RESPONDENT: United States
LOCATION: U.S. District Court for the Western District of Virginia
DOCKET NO.: 14-6166
DECIDED BY: Roberts Court (2016- )
LOWER COURT: United States Court of Appeals for the Fourth Circuit
CITATION: 579 US (2016)
GRANTED: Oct 01, 2015
ARGUED: Feb 23, 2016
DECIDED: Jun 20, 2016
Anthony A. Yang - Assistant to the Solicitor General, for the respondent
Dennis E. Jones - for the petitioner
Facts of the case
David Anthony Taylor was a member of the “Southwest Goonz,” a group of robbers based in Roanoke, Virginia, that focused on robbing drug dealers, who typically have drug proceeds in their home and are reluctant to report crime. Taylor was indicted on two counts of robbery under the Hobbs Act, which prohibits actual or attempted robbery or extortion affecting interstate or foreign commerce. At Taylor’s second trial, after his first resulted in a hung jury, the government moved to prevent Taylor from offering evidence that robbing a drug dealer who grows marijuana outside of state lines does not affect interstate commerce and therefore cannot violate the Hobbs Act. The district court granted the government’s motion, and Taylor was subsequently convicted of both counts under the Hobbs Act. Taylor moved to set aside the verdict on the grounds that the government did not present sufficient evidence that his actions affected interstate commerce. The district court denied Taylor’s motion, and the U.S. Court of Appeals for the Fourth Circuit affirmed the conviction.
In a federal criminal prosecution under the Hobbs Act, is the government required to prove beyond a reasonable doubt that the robbery of a drug dealer is an inherent economic enterprise that satisfies the interstate commerce element of the offense?
Media for Taylor v. United StatesAudio Transcription for Oral Argument - February 23, 2016 in Taylor v. United States
Audio Transcription for Opinion Announcement - June 20, 2016 in Taylor v. United States
John G. Roberts, Jr.:
Today's orders of the Court have been duly entered and certified and filed with the clerk.
Justice Alito has the opinion of the Court this morning in case 14-6166, Taylor versus United States.
Samuel A. Alito, Jr.:
The Hobbs Act makes it a crime to interfere with interstate commerce or to attempt to do so through robbery.
This case asks us to resolve what the government must prove to meet the interstate commerce element in Hobbs Act prosecution for robbing drug dealers.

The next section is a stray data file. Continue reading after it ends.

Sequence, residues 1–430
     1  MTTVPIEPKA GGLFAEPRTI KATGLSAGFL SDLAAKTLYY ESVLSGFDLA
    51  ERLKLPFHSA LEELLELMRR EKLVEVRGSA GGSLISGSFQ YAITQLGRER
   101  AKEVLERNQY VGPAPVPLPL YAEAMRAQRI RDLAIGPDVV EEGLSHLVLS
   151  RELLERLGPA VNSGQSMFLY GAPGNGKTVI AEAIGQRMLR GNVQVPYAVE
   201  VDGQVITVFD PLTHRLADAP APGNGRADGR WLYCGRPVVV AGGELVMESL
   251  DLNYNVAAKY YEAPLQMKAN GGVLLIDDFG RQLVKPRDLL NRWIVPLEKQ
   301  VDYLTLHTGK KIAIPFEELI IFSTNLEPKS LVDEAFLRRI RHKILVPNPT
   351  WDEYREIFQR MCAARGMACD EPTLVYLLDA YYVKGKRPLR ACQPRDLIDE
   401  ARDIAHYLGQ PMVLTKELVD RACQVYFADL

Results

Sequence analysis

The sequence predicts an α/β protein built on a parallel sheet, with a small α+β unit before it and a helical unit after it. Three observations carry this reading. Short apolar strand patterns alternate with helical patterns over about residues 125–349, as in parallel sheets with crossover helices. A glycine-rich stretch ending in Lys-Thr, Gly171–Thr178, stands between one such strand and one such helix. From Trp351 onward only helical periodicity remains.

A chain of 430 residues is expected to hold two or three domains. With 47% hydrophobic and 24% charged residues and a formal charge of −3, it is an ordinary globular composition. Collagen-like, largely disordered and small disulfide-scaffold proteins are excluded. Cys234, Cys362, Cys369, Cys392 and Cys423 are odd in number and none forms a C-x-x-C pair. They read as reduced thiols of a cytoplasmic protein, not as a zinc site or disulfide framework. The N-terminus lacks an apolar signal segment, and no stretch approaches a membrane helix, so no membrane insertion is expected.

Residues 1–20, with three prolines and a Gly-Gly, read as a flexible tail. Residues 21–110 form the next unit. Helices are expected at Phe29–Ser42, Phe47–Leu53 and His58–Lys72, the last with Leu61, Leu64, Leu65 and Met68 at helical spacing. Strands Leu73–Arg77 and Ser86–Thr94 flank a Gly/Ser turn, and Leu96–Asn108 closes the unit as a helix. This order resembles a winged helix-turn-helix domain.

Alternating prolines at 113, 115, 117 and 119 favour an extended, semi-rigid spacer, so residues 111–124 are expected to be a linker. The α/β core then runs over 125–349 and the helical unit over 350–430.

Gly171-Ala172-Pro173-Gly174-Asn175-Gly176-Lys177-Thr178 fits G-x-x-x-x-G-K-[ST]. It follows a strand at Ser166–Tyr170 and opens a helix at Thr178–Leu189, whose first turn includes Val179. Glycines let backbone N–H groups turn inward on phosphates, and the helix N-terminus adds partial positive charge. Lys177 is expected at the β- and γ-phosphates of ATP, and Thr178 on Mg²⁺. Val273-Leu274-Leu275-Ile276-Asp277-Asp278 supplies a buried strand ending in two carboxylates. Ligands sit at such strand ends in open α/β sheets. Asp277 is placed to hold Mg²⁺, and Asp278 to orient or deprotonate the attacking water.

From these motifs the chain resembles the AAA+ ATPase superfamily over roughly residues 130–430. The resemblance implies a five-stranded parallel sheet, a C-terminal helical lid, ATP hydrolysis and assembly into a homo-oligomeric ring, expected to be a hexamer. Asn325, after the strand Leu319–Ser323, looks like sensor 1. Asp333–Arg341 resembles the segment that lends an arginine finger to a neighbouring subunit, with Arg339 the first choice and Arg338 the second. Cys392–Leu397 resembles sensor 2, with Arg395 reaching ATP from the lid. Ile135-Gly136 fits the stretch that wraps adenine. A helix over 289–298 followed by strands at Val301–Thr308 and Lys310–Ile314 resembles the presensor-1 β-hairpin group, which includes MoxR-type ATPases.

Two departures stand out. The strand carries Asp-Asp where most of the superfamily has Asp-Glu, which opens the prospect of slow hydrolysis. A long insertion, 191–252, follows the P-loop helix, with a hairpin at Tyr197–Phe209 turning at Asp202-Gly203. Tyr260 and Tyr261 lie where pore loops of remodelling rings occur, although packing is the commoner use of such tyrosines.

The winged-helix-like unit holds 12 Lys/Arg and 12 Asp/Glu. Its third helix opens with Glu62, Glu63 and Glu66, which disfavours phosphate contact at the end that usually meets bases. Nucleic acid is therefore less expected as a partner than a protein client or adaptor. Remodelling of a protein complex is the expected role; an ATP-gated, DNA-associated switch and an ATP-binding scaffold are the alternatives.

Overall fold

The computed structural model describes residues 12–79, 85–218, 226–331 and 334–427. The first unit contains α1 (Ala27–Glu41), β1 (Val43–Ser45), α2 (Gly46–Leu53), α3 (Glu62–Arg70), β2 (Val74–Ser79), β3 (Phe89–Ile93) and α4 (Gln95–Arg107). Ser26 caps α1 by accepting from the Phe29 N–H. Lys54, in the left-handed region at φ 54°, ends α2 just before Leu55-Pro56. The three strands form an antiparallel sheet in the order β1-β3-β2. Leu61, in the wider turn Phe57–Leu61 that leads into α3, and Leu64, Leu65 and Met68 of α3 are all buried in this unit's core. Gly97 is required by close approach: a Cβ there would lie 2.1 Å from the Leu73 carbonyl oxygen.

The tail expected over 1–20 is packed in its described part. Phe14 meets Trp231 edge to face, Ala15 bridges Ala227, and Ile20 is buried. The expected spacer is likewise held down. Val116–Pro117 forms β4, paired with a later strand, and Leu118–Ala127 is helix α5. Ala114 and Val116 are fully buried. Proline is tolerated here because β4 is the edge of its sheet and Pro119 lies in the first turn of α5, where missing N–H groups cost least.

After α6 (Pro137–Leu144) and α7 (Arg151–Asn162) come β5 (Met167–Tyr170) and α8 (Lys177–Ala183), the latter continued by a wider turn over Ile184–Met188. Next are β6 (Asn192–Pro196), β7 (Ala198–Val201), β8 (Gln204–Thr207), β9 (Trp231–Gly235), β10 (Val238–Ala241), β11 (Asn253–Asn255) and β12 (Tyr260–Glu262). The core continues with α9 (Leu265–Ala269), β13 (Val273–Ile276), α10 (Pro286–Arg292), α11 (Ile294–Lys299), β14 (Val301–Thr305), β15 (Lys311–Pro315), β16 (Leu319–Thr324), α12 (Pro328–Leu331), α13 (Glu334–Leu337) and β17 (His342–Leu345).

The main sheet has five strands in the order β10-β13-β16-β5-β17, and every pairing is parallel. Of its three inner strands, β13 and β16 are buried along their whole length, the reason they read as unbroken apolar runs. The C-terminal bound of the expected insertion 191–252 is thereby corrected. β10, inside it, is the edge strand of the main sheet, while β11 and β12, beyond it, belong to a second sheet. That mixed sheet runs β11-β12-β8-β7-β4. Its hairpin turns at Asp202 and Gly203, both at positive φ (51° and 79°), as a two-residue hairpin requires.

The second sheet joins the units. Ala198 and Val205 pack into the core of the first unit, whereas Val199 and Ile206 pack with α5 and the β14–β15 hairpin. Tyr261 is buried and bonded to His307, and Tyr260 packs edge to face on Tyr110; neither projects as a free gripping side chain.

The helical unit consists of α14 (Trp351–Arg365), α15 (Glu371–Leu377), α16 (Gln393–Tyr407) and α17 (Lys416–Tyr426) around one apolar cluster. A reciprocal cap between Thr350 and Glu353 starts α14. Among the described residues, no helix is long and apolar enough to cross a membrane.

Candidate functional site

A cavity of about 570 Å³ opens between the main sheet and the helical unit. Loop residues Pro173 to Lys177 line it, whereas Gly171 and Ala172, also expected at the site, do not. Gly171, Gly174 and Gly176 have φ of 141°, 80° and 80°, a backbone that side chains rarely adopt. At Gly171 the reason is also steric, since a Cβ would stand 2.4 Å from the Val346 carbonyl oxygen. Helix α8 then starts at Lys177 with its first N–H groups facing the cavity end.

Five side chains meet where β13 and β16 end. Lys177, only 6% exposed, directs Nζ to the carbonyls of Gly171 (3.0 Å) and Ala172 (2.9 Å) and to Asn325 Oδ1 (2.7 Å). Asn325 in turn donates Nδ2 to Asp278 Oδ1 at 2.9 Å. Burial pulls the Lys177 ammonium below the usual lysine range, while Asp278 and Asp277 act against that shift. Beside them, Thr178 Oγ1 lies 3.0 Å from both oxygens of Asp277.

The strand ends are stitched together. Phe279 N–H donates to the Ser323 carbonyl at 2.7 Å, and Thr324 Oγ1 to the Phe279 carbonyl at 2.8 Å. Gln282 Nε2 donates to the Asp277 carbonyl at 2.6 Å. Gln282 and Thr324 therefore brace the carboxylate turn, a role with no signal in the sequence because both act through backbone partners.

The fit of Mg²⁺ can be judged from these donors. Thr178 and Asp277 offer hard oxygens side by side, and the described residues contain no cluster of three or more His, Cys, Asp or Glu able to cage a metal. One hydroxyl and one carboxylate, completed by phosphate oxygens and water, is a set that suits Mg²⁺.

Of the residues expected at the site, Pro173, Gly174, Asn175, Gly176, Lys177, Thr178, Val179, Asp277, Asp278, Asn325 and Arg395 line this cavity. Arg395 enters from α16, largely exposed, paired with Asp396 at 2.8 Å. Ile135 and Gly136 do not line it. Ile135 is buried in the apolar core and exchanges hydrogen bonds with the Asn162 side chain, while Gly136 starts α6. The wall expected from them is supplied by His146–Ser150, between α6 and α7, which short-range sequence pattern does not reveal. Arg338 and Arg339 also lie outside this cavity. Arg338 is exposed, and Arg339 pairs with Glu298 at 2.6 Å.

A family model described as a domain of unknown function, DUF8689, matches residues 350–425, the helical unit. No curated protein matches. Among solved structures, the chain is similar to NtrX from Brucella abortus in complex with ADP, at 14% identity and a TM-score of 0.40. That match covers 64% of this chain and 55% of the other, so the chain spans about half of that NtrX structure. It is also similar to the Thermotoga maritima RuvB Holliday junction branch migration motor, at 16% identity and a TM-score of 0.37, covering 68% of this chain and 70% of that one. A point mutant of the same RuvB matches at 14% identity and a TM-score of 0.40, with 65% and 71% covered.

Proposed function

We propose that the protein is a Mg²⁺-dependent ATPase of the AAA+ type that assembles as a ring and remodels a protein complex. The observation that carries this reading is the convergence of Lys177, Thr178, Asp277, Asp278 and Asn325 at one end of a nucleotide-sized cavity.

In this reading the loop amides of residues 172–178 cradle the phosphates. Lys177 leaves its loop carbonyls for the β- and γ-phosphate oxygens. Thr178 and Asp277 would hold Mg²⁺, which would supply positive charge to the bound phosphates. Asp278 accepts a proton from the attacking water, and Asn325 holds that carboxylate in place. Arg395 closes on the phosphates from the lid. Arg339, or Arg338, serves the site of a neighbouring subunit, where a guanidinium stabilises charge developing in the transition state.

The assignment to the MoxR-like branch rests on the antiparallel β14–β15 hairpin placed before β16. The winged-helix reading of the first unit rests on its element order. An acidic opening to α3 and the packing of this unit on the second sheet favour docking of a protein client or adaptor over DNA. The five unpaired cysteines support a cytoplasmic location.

The petitioner in this case, David Anthony Taylor, was a member of the gang that committed a series of armed home invasions that targeted drug dealers who sometimes keep drugs in large quantities and cash derived from the drug trade in their homes.
Taylor was indicted on two counts of attempted Hobbs Act robbery for his participation in two such robberies.
Taylor's first trial resulted in a hung jury.
On retrial, at the urging of the government the district court precluded Taylor from introducing evidence that the drug dealers he targeted might have been dealing in only locally grown marijuana.
The jury convicted Taylor and the United States Court of Appeals for the Fourth Circuit affirmed the conviction.
We granted certiorari to resolve a conflict in the circuits regarding what the prosecution must show in order to satisfy that the Hobbs Act's commerce element in cases involving the theft of drugs and drug proceeds from drug dealers.
We now affirm.
Our cases establish that the Hobbs Act exercises the full extent of Congress’ power under the commerce clause.
And our cases hold that this power permits Congress to regulate intrastate economic activities that substantially affect interstate commerce in the aggregate.
Applying this rule, the Court held in Gonzalez versus Raich decided in 2005 that Congress has the power to regulate the intrastate market for marijuana.
Thus, under Federal Law, a defendant may be convicted for growing or selling even a small amount of marijuana and in such a case the government is not required to prove that the defendant's conduct in itself affected interstate commerce.
It is sufficient that the aggregate impact of such commerce has that effect.
And so long as Congress may regulate intrastate drug sale it may also regulate intrastate drug theft even if an individual theft has little impact on the overall market the aggregate effect of such thefts and the theft of money derived from drug sales is sufficient.
Thus when the government seeks to prosecute a defendant for attempted Hobbs Act robbery of a drug dealer, which is what occurred in this case the government need only prove that the defendant targeted a dealer in order to obtain drugs or drug proceeds.
The evidence in this case is sufficient to establish that.
Therefore, the judgment of the Fourth Circuit is affirmed.
Justice Thomas has filed a dissenting opinion.